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Shivering with Iris – a new film by Chto Delat

Shivering with Iris from chto delat on Vimeo.

Talk show: Shivering with Iris
Based on a learning play which was premiered at Sommer festival at Kampnagel, Hamburg in August 2014. The play was realised in a form of talk show and filmed with 5 cameras . The final result of the performance is a videofilm.
The play is dedicated to the problem of the romantic sublime in art, which it represents using the symbol of fish. The muteness of fish and its underwater position pose a contrast to the current condition of art from which everyone expects a statement. Like the fish lives in the water as its medium, art today lives in the environment of the media, which keeps compromising it both through profanation and sublimation. The play addresses this conflict by engaging a dialectic of the artificial and the real in the contemporary artwork.

Host of the show: Iris Minich
Participants: Vedrana Madžar, Alexey Markin, Alicia Agustín, Tatiana Baskakova, Fransis Jacobi, Genja Loginova, Antje Prust, Corina Lucia Apostol
Tom Frank: Marc Siemoneit

Chto Delat on the stage: Nina Gasteva; Artyom Magun; Alexander Skidan
Directing and narration: Artyom Magun; Alexander Skidan; Tsaplya Olga Egorova and Dmitry Vilensky
Cheer leaders: Nikolay Oleynikov /Chto Delat/ and Alicia Agustín
Cameras: Andrey Nesteruk, Marlene Denningmann, Dmitry Vilensky; Katharina Duve; Karsten Wiesel
Set: Nikolay Oleynikov
Sound effect at the play: Arvild Baud
Sound mastering: Alexander Dudarev
Special thanks: Oxana Timofeeva and Gluklya Natalya Pershina and Schwabinggrad Ballett (Ted Gaier, Margarita Tsomou, Christine Schulz and Christoph Twickel); Hamburger Kunsthalle (Brigitte Kölle, Mira Forte, Petra Pirsch) and many our friends from Hamburg who consulted us and provided help and hospitality.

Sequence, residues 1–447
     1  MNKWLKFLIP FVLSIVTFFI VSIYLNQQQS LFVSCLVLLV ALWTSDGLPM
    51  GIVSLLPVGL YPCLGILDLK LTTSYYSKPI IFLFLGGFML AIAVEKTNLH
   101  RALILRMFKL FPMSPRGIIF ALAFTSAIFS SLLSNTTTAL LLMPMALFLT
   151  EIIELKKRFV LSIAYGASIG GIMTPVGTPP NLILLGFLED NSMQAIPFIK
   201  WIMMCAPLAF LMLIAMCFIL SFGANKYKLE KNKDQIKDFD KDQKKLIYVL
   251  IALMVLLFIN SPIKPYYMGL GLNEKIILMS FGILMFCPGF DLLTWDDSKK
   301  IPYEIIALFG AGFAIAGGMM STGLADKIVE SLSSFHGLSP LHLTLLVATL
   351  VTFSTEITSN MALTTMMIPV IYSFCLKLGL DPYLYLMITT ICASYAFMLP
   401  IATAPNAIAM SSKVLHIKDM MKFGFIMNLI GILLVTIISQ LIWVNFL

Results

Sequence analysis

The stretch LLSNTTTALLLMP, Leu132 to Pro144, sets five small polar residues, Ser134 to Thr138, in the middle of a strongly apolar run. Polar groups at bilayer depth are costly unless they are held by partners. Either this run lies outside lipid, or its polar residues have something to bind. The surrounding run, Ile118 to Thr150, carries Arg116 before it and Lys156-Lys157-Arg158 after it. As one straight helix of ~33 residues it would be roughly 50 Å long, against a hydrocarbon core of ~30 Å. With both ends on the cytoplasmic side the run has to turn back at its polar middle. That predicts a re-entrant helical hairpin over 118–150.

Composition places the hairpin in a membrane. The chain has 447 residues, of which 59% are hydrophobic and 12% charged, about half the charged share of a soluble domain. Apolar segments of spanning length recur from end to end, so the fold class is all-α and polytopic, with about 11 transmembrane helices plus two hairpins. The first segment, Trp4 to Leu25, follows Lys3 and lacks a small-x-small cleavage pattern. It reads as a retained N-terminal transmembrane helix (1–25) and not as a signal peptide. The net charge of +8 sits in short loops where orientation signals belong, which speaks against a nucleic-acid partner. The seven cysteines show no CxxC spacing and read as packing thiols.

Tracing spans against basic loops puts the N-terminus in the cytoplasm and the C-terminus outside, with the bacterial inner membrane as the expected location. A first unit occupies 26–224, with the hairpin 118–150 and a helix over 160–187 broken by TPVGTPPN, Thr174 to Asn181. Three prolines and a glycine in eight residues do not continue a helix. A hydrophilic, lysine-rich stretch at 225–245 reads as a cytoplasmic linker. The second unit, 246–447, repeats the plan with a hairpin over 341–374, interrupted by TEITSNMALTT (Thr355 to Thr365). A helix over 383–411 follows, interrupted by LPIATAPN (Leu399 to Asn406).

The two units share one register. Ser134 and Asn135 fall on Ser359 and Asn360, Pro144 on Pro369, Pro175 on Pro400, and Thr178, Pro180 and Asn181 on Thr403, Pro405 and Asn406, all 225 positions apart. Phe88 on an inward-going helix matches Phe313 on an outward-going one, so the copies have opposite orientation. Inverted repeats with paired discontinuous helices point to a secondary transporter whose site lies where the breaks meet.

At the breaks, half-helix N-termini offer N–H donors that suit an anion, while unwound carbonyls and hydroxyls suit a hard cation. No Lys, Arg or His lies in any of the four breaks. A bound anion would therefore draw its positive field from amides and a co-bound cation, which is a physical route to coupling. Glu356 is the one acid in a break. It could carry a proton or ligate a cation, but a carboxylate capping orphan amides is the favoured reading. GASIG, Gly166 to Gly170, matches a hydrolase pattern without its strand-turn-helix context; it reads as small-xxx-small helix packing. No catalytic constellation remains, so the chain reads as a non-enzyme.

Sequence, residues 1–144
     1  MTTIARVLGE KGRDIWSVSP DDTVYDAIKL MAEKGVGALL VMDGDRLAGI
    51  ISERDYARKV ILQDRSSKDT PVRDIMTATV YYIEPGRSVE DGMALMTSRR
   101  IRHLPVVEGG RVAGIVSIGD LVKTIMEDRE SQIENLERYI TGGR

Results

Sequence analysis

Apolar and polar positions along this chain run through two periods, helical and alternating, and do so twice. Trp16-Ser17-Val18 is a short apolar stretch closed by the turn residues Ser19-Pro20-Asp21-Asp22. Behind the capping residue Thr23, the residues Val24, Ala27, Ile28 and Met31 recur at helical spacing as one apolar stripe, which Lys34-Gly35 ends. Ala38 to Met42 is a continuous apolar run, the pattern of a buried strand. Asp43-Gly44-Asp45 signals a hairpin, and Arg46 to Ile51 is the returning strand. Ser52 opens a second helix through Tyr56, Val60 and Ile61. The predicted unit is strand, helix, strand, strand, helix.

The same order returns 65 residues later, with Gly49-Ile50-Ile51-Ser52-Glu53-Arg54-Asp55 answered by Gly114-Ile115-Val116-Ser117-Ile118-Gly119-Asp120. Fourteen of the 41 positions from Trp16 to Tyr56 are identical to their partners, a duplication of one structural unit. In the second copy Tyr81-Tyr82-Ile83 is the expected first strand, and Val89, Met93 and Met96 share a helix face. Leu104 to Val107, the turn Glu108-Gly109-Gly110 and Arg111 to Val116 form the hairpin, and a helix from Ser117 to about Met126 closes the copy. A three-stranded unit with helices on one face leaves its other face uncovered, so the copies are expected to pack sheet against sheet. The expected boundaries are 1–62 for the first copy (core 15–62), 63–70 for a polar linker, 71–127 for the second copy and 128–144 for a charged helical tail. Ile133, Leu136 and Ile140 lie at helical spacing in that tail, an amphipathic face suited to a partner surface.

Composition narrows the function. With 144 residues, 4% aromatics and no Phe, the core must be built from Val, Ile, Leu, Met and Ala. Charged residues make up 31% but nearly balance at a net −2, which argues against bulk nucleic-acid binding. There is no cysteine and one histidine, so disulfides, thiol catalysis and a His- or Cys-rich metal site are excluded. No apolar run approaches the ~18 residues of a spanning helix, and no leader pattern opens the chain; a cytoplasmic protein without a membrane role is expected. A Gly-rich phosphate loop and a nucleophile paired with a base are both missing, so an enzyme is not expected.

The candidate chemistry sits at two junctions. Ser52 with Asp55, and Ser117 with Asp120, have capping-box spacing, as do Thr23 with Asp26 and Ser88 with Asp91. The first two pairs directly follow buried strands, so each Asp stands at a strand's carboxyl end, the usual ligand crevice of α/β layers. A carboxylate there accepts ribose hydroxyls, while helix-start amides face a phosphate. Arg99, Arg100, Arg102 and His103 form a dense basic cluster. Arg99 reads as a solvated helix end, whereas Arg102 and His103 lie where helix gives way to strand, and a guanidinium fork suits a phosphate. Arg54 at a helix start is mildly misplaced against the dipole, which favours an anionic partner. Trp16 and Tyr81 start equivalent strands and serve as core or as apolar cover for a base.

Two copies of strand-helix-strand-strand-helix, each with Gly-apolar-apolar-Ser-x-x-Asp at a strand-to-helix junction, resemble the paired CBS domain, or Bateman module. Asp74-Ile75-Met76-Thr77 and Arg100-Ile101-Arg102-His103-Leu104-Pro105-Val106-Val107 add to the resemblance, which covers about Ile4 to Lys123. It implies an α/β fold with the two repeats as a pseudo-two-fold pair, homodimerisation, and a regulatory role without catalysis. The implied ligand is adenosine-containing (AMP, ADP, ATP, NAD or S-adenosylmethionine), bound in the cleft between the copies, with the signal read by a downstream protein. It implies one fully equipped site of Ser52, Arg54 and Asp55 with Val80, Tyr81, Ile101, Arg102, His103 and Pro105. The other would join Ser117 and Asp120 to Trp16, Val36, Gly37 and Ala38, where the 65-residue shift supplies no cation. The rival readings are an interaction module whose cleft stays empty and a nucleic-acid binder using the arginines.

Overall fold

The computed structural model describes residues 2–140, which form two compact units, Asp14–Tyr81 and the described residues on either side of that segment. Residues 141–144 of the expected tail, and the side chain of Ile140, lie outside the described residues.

Maria Markina performed a poem by Maxim Gorky “The Song of the Stormy Petrel” (1901) at the happening at Hamburger Kunsthalle
Music: Revolutionary Étude by Frédéric Chopin
At the happening at Reeperbahn the fragment of the poem by Nikolay Oleynikov “Inspiration” (1932) was used.
The play and film was produced with the generous support of
Otto Runge Stiftung, Kampnagel Sommerfestival, Hamburg;
the postproduction of the film is supported by Gallery Apart, in collaboration with “Joan of Art”

Second and third part of the installation is a display with few objects specially made for performances documented in the film – the artificial fishes hang from the ceiling of the gallery and collection of hand painted aprons with a texts from the most famous Russian revolutionary poem of Maxim Gorky "The Song of the Stormy Petrel" and from the absurdist Soviet poet Nikolay Oleynikov (1932) which formed a base for the conceptual narrative of the play and whole composition of the installation.